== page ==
Venison on the menu when Hunt.Fish.Feed. visits New London
New London — The reactions among diners at the city’s soup kitchen when they found out venison was on the dinner menu ranged from, “bring it on,” to “I’m not eating Bambi!”
More than 100 people, some struggling with homelessness and others just down on their luck, lined up at the New London Community Meal Center on Thursday for a special dinner of venison sloppy Joes served up by a group of volunteers whose mission is to bring awareness to the nationwide fight against hunger.
The volunteers pitched in their efforts as part of the Hunt.Fish.Feed. outreach campaign, annual tours that started 10 years ago by the Sportsman Channel to visit areas of high poverty and homelessness to showcase game meat and fish as an underutilized food source. Comcast, the local sponsor for the campaign’s first visit to Connecticut, provided much of the kitchen help.
Hunt.Fish.Feed. Executive Chef Scott Leysath, host of the Sporting Chef and Dead Meat, said he’s been traveling across the country in part to showcase the generosity of hunters and the outdoor community as they donate locally sourced meat and fish for a worthy cause.
Leysath has been involved with the campaign since the start and said the program also helps people understand the hunting community a little bit better and educates the public about how natural resources can combat the problem.
Deer meat, one of the more frequent meals the group prepares, is expensive to purchase but often locally available from hunters. It also is better in many ways than beef — leaner and lower in saturated fat and higher in protein and vitamins and minerals. Leysath knows something about preparing it, being the author of The Sporting Chef's Better Venison Cookbook.
“People worry about whether their game meat is safe to eat. Really, it’s the chicken they should be worried about…the way it is raised,” he said. “There’s also a stigma that it will be gamey when it’s really not.”
Leysath offered tastes of the meat to anyone who was initially hesitant to try it.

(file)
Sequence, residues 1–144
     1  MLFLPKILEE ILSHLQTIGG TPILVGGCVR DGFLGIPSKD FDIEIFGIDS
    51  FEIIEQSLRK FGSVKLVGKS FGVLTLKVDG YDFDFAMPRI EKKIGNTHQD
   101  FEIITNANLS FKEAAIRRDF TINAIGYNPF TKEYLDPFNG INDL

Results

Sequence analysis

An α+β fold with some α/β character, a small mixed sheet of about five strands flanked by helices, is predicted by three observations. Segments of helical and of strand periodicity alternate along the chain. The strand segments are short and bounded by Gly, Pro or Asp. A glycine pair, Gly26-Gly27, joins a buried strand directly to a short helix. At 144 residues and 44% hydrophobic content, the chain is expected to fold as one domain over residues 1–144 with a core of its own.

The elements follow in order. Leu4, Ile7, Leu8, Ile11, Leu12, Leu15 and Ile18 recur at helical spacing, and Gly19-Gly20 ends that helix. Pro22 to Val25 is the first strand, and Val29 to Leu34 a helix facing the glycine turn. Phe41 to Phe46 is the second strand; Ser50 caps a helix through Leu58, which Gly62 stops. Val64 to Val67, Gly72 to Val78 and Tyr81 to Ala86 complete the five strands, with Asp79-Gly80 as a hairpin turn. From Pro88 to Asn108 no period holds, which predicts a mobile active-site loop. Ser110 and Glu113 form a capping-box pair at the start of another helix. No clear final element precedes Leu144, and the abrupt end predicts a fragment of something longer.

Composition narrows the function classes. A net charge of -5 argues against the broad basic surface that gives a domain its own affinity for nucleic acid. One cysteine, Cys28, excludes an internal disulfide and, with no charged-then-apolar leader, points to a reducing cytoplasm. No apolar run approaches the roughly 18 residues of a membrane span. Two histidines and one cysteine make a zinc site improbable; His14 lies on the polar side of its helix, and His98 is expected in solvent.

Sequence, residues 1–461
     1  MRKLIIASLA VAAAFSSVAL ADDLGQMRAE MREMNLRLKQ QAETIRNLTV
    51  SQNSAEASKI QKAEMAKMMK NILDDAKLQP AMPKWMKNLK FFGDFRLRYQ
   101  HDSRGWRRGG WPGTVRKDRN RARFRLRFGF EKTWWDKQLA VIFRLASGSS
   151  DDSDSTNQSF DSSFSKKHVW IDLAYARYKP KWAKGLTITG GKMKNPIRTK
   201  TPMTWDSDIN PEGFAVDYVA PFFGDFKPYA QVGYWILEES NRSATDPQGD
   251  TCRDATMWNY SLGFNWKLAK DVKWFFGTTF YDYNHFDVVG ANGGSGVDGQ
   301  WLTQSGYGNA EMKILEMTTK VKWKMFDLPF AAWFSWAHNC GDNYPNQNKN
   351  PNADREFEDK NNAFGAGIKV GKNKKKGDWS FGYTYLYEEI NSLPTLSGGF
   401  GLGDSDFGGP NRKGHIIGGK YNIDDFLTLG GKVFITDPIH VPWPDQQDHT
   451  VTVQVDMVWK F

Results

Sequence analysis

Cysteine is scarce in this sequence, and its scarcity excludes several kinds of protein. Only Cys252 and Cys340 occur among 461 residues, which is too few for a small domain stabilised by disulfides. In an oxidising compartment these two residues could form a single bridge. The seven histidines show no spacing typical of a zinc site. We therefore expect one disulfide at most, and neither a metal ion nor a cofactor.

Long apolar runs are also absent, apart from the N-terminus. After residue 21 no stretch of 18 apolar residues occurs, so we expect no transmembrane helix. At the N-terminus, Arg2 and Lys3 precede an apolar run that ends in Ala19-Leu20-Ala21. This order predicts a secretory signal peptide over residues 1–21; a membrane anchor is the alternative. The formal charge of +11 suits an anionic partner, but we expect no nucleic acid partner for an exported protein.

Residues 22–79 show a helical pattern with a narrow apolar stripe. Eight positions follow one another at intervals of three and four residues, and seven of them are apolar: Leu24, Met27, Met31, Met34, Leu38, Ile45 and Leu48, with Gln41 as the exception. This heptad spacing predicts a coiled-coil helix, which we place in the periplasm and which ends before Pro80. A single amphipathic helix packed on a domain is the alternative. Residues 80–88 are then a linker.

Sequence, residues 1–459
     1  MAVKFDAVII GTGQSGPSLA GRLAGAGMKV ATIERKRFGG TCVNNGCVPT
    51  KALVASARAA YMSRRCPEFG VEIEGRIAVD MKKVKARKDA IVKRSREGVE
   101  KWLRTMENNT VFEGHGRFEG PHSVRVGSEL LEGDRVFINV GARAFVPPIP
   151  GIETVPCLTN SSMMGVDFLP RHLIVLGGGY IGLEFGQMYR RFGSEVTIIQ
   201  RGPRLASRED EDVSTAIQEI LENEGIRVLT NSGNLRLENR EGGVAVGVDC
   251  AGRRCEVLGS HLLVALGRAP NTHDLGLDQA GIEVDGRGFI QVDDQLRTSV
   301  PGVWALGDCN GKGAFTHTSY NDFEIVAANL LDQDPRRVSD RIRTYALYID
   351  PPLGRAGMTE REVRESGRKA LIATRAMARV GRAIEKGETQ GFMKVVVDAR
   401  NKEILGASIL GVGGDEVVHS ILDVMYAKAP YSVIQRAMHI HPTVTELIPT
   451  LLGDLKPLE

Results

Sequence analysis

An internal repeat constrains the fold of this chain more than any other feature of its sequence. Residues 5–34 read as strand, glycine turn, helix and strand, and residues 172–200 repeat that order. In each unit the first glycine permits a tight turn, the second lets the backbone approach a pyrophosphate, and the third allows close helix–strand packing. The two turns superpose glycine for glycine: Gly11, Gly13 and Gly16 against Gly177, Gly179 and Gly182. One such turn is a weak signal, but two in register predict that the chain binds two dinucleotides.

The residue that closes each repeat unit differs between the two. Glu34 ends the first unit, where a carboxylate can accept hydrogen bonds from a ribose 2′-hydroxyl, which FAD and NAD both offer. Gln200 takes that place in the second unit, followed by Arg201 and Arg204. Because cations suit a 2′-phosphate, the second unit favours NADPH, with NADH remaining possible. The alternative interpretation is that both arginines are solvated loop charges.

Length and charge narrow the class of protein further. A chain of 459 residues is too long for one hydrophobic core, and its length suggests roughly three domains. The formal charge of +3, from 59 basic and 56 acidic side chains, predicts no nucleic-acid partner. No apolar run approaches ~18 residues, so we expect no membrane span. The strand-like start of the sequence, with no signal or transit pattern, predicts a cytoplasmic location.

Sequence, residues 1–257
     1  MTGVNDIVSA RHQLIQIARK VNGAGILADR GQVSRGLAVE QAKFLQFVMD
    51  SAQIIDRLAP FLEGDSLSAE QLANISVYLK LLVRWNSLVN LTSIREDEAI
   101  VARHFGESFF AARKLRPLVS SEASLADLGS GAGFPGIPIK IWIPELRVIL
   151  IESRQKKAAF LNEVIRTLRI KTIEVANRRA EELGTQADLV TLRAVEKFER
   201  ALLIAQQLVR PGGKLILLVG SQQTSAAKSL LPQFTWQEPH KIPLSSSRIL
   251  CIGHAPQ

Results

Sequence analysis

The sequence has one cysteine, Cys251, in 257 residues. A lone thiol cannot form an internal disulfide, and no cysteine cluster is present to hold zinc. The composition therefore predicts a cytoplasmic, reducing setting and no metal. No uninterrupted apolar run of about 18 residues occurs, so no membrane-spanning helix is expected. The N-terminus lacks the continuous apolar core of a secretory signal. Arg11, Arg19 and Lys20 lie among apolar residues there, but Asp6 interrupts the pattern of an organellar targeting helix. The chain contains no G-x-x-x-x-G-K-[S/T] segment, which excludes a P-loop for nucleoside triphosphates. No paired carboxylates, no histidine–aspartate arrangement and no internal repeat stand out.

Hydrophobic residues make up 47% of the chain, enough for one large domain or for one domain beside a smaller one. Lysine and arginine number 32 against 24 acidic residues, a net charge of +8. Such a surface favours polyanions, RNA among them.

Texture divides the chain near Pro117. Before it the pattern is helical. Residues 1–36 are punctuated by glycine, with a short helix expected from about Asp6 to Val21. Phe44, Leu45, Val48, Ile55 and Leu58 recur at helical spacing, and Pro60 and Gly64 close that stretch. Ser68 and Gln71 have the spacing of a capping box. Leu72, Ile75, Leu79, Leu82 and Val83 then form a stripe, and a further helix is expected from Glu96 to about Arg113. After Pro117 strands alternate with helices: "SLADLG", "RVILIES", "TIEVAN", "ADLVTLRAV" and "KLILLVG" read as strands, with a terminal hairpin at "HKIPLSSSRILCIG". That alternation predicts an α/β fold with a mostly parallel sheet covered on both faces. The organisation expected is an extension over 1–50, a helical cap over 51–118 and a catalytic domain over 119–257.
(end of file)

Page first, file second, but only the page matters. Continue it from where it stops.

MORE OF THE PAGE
There were few complaints in the dining room at Thursday’s meal, and for those who did not care to try the deer meat there was Atlantic Spiny Dogfish, a donation of leftovers from Brigaid’s Wednesday night community meal at Bennie Dover Jackson Middle School.
“I’m down with the deer. I wouldn’t have known if they didn’t tell me,” said one man who declined to give his name.
During some of the more than 15 stops across the country this year the Hunt.Fish.Feed. campaign has prepared meals that have included wild turkey, elk and wild boar. In a recent stop outside of Seattle the group cooked up 150 pounds of Chinook salmon donated by the Nisqually Indian Tribe.
The venison served on Thursday did not come from local hunters, since it is just the start of hunting season locally. The deer instead was farm raised, Leysath said.
Comcast has remained the primary partner in program, setting up locations to visit and providing the manpower to prep and serve the meals.
New London Community Meals Center Kitchen Manager Peta Madry said she’s prepared venison on occasion, whenever it is donated.
The meal center serves in the neighborhood of 72,000 meals in a year, anywhere between 150 and 300 meals between the weekday lunch and dinner services. The vast majority of the food served comes from the Gemma Moran United Way Food Center.
Madry said the meal center accepts food donations from all kinds of places. She recalled a time when the freezers at Grossman’s Seafood were on the fritz and they immediately contacted her to see if she would accept a donation of 100 pounds of scallops. She did.
She said Salem Valley Farms Ice Cream contacted her this year to let her know they were welcomed to the whatever is leftover when they close at the end of the month.
The Gemma Moran United Way Food Center, an organization that operates more than 80 programs in New London County, takes pride in offering a wide variety of fresh produce in addition to the proteins for the meals, said Jennifer Blanco, the group’s member services manager. About 60 percent of the food is donated, while financial donations cover the purchase of the rest of the food needed on a daily basis.
“We’re very lucky to have such a generous community,” Blanco said.
Madry said visitors to the meal center are not all homeless, but rather a mix of people who have either fallen on hard times or situations where they’re forced in some cases to choose between food and rent.
Over the eight years she’s run the kitchen, Madry said she’s seen an increase in younger people, some with substance abuse issues.
The background music for Thursday’s dinner was provided by violinist Joan Winters and violist Barbara Wiggin, part of a pilot outreach program of the Eastern Connecticut Symphony Orchestra. Thanks to a grant from the New London Rotary, the orchestra is trying to bring music into more locations in the community, said the orchestra’s Executive Director Caleb Bailey.
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